Welcome to my Blog!  Well, not technically a blog- more like a collection of deep thoughts.  Please understand that these are my personal opinions and beliefs.  This blog does not create a patient-provider relationship and does not constitute medical advice.  Please contact your Physician or local Physical Therapist if needed.  Enjoy!


Take care,

Rachel Miller, PT, DPT

Doctor of Physical Therapy, Certified Pilates instructor, and Founder of The Pilates PT



July 2016  Why you don't stay better after treatment


I hear it all the time.  "I have had chronic (fill in your bothersome body part here) pain for years.  When I get bodywork (soft tissue/fascial bodywork or mobilization/manipulation), it feels better for a day or two but then it comes back."   


Sound familiar?  Wondering WHY??  Here's my opinion.  The manual work helps to get your body moving better again.  But it is only a temporary fix.  The problem becomes that you did not change HOW you move.  This can mean a few things. 


When someone is in chronic pain (months or years), often their body compensates for the pain.  Examples are decreased weight bearing or stance time on the injured leg (limping), or often moving your hip and pelvis as one unit when protecting your back.  These are our bodies go to patterns for protection.  The problem is that even when the pain is gone, the body does not reset automatically.  These faulty movement patterns can persist despite the resolution of pain.  And they can quickly lead to other issues.  


Another thing I see commonly is the lack of proper core stability and activation.
The manual work may have taken away some of the "tightness" but your body needs to get stability from somewhere, so most likely you revert to your old patterns because you did not replace that stability with something else.  Commonly, I see the hip flexors (psoas) and the back extensors/quadratus lumborum are overworking to provide that stability and people need retraining- specifically finding their TA (inner abdominals) and gluts to help provide that stability.  


And just like a lot of things in life, when something has been an issue for years, it is rarely a "quick fix."  Similar to dieting, when you are on the diet you feel better and lose weight, and then many people stop the diet- and shocker- gain the weight back.  Look at rehabilitation in the same way.  If you had low back pain on and off for 10 years, you need to actively participate in your rehab- strengthen, stretch, get some good manual therapy- whatever you need to get better.  But once PT ends, you need to continue some of those exercises or movement principles (like proper posture) in order to STAY better.  It is a lifestyle change.  What that entails- what exercises, stretches/self release work, and how often you need to do that varies from person to person.  And it will also vary depending on your day to day activity- your body has different needs after driving 8 hours in a car, gardening for an afternoon, or playing a round of golf.  Our bodies are dynamic- meaning constantly changing, hopefully in a good way.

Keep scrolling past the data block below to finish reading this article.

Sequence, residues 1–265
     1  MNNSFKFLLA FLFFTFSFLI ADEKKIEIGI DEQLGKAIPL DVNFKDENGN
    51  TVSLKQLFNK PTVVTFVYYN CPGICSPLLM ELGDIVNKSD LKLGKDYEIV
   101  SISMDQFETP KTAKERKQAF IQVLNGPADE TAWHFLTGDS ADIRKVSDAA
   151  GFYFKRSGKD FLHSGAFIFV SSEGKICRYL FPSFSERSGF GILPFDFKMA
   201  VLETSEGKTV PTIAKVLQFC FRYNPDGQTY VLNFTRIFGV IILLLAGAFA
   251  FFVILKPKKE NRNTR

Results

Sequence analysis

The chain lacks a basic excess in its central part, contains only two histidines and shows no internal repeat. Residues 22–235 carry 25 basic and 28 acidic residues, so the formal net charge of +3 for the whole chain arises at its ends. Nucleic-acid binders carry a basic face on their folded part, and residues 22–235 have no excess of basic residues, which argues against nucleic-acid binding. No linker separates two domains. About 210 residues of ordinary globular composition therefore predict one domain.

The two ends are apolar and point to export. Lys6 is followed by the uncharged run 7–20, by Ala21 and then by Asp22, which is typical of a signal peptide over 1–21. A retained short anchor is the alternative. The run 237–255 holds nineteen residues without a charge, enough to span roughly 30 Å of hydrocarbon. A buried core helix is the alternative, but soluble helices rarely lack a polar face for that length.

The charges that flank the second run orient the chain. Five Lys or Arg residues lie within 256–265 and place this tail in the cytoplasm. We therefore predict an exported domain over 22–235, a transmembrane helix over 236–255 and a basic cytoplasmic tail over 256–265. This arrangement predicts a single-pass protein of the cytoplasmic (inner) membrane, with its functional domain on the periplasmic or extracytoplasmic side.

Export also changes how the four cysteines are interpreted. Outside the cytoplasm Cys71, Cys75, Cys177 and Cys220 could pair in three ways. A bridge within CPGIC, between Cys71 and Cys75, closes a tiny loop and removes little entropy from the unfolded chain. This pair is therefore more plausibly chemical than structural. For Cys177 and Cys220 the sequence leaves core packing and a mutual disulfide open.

October 2017  Mommy Tune Up

I can still remember the day when my first son was 6 months old.  I was at a mommy exercise class with him in the stroller and I was having excruciating neck pain.  Yes, even Physical Therapists are not immune to having their own issues.  I went to my doctor that day and asked for a referral to Physical Therapy and scheduled an appointment for the next day.   
Why did I let my neck pain get that bad?  A combination of relaxin (a hormone that increases during pregnancy that relaxes your joints and ligaments), poor posture while nursing, lots of holding and carrying a growing baby and heavy carseat, and mommy guilt.  As a first time mom, my focus was on my baby.  It was difficult for me to make time to take care of myself- partly because of guilt, partly because of lack of childcare.   When my neck started bothering me a month earlier, I should have addressed it.  Luckily after a few sessions of Physical Therapy, I was much better.